A Study Supporting much of what we have been saying.

  • folks in the Indian population have flatter feet
  • the amount of great toe extension is important, especially as it relates to foot pain
  • foot prints can tell you a lot about a foot
  • foot exercise and footwear modifications achieved the best outcomes

Lets look at some of these points.

folks in the Indian population have flatter feet
foot morphology is not only developmental, but has a genetic component, that can differ in different populations
the amount of great toe extension is important, especially as it relates to foot pain

just how much great toe extension (or dorsiflexion as foot geeks like to say) is necessary? The great toe must extend 40 degrees to walk normally and most folks can dorsiflex 65 degrees. If this is impaired (something called “hallux limitus”) it can:
  • shorten your stride length
  • make you have difficulty with high gear push off
  • will probably give you pain at the metatarsal phalangeal junction

foot prints can tell you a lot about a foot

Gee, we have been saying this for a few years now and have been advocating the use of a pedograph as well. In fact, we wrote the ONLY book about it’s interpretation, available by clicking here.

foot exercise and footwear modifications achieved the best outcomes

We have almost a thousand posts on this blog, and nearly 100 youtube videos, many of which talk about foot exercises, their indications and how to do them

The Gait Guys. Increasing your “Foot IQ” each and every day. If you are new to us, thanks for reading and feel free to “dig in” and search this blog, as well as our youtube channel. Have a question? Want to take your learning to the next level? Consider taking the International Shoe Fit Certification Program and put yourself at the front of the line when it comes to shoe fit. email us at thegaitguys@gmail.com for more info. 

 
J Orthop Surg (Hong Kong). 2013 Apr;21(1):32-6.

Flatfoot in Indian population.

Source

Department of Orthopaedics, Moti Lal Nehru Medical College, Allahabad, India.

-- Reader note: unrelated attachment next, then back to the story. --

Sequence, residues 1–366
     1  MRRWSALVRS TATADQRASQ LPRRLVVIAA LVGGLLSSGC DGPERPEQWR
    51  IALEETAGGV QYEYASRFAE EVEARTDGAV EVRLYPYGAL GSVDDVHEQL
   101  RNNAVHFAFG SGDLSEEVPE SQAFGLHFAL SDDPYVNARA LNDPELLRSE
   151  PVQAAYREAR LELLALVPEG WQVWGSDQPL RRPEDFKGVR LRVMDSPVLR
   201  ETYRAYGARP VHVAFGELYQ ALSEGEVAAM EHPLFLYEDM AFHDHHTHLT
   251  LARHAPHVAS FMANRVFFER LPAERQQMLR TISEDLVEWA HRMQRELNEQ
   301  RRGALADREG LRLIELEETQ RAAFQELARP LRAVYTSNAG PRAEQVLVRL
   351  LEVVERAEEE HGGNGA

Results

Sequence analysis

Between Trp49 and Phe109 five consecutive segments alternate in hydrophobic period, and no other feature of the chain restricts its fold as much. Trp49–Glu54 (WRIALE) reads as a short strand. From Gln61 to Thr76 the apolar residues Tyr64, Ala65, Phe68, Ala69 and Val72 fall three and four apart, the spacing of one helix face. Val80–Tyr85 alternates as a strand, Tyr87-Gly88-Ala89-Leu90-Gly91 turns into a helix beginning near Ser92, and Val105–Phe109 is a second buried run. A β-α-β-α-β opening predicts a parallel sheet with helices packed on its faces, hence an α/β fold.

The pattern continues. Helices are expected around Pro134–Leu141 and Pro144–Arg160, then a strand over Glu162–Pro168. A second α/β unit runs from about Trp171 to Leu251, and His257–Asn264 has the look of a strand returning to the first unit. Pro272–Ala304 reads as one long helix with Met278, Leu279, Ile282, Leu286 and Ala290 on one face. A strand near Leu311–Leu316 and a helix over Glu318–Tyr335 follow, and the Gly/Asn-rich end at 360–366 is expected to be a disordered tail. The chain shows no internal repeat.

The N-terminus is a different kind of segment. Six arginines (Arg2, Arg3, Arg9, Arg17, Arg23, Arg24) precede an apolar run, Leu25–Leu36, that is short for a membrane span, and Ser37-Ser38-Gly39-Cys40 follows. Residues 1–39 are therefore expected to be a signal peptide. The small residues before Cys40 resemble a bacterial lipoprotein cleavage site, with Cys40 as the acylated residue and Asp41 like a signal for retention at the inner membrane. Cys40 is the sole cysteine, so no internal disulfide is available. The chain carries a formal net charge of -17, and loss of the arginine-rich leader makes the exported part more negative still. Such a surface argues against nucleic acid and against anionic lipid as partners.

Abstract

PURPOSE. To compare outcomes of different conservative treatments for flatfoot using the foot print index and valgus index. METHODS. 150 symptomatic flatfoot patients and 50 controls (without any flatfoot or lower limb deformity) aged older than 8 years were evaluated. The diagnosis was based on pain during walking a distance, the great toe extension test, the valgus index, the foot print index (FPI), as well as eversion/ inversion and dorsiflexion at the ankle. The patients were unequally randomised into 4 treatment groups: (1) foot exercises (n=60), (2) use of the Thomas crooked and elongated heel with or without arch support (n=45), (3) use of the Rose Schwartz insoles (n=18), and (4) foot exercises combined with both footwear modifications (n=27). RESULTS. Of the 150 symptomatic flatfoot patients, 96 had severe flatfoot (FPI, >75) and 54 had incipient flatfoot (FPI, 45-74). The great toe extension test was positive in all 50 controls and 144 patients, and negative in 6 patients (p=0.1734, one-tailed test), which yielded a sensitivity of 96% and a positive predictive value of 74%. Symptoms correlated with the FPI (Chi squared=9.7, p=0.0213). Combining foot exercises and foot wear modifications achieved best outcome in terms of pain relief, gait improvement, and decrease in the FPI and valgus index. CONCLUSION. The great toe extension test was the best screening tool. The FPI was a good tool for diagnosing and grading of flatfoot and evaluating treatment progress. Combining foot exercises and foot wear modifications achieved the best outcome.

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